As a result of certain avoidance structures being implemented to avoid employees’ tax, specific tax provisions were introduced dealing with “personal service providers” (or “PSPs”) to combat such possible instances of tax avoidance and to limit the available deductions from income in the determination of taxable income for these entities.[2] What individual taxpayers would do to limit their effective tax rate (and to ensure that PAYE is not withheld from remuneration paid to them) otherwise would be to earn their salaries in entities controlled by them. In other words, an employee would arrange with his/her employer that a company owned by the employee would rather be rendering the same services as an employee to the employer. This company would then earn remuneration, even though it would be performing exactly the same services as the employee otherwise would have and had that individual not rendered those services through that company.

It was therefore necessary to include a PSP in the definition of “employee” for tax purposes. A PSP can be a company, close corporation or trust, where any service rendered on behalf of the entity to its client (the would-be employer) is rendered personally by any person who stands in a connected person relationship to such entity. One of three additional requirements must be met for an entity to be a PSP:

  • The client would have regarded the person as an employee if the service was not rendered through the entity.
  • Alternatively, the person must render the service mainly at the premise of the client and he/she is subject to control and supervision of that client as to the manner in which the duties are performed.
  • More than 80% of the income derived from services rendered by the company is received from one client.[3]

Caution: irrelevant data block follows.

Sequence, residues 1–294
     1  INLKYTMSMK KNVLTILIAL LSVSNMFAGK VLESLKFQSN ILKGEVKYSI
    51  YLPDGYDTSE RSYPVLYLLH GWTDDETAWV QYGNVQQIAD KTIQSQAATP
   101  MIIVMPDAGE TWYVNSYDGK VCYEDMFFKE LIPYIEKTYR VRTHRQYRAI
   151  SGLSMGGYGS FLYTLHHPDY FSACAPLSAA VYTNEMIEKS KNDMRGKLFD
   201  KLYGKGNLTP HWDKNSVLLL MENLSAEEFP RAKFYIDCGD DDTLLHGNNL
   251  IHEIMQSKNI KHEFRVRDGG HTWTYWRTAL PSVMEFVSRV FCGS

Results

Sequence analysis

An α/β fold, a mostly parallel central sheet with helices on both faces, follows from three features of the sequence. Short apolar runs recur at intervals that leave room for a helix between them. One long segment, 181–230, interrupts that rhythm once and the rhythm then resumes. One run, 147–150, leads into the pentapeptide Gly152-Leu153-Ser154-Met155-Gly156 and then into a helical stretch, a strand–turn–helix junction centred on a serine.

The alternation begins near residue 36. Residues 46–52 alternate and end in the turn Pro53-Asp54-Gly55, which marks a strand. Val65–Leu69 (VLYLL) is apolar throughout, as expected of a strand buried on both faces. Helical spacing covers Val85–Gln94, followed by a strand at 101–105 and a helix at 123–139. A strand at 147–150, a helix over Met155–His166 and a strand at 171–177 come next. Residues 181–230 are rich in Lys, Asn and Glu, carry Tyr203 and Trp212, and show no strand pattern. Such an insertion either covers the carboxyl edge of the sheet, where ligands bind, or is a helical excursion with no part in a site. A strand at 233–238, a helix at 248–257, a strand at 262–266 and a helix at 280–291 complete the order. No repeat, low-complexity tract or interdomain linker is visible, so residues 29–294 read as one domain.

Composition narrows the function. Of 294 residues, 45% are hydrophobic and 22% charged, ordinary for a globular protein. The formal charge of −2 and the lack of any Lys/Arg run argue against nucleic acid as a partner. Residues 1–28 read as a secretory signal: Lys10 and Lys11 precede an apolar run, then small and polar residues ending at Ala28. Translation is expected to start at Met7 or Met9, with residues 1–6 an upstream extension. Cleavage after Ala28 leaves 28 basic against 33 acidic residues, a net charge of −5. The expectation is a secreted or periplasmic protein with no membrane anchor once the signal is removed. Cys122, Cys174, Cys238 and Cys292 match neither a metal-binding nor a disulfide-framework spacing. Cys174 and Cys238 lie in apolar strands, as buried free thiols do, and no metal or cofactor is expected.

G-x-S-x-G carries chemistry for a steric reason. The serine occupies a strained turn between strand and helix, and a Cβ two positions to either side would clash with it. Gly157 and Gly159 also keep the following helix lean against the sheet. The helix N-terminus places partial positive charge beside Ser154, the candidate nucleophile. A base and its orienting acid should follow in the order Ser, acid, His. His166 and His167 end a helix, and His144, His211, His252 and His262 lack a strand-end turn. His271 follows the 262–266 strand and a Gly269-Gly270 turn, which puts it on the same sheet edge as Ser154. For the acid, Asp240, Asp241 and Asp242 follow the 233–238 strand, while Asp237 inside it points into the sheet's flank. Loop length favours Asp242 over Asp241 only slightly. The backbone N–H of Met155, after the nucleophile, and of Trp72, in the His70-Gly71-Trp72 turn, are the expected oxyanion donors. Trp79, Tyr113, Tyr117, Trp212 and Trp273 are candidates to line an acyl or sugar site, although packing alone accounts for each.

A PSP is deemed to be an “employee”[4] and any remuneration[5] received by the PSP is subject to the withholding of employees’ tax in the form of PAYE too. Income tax deductions for PSPs are themselves also severely limited, typically akin to what would have been the case for individual employees themselves. It is recommended that clients of potential PSPs should have policies and systems in place to correctly identify and withhold tax from these entities.

[1] No. 58 of 1962.

[2] Also see SARS Interpretation Note 35 (Issue 4) dated 28 March 2018.

[3] Also includes any associated person in relation to the client.

[4] See the definition of “employee” in paragraph 1 of the Fourth Schedule to the Income Tax Act.

[5] See the definition in paragraph 1 of the Fourth Schedule to the Income Tax Act.

[1] L Taxpayer vs The Commissioner for the South African Revenue Service (Case A124/2017, on appeal from the Tax Court).

This article is a general information sheet and should not be used or relied upon as professional advice. No liability can be accepted for any errors or omissions nor for any loss or damage arising from reliance upon any information herein. Always contact your financial adviser for specific and detailed advice.  Errors and omissions excepted (E&OE)

Older posts

© 2022 T Roos

Theme by Anders NorenUp ↑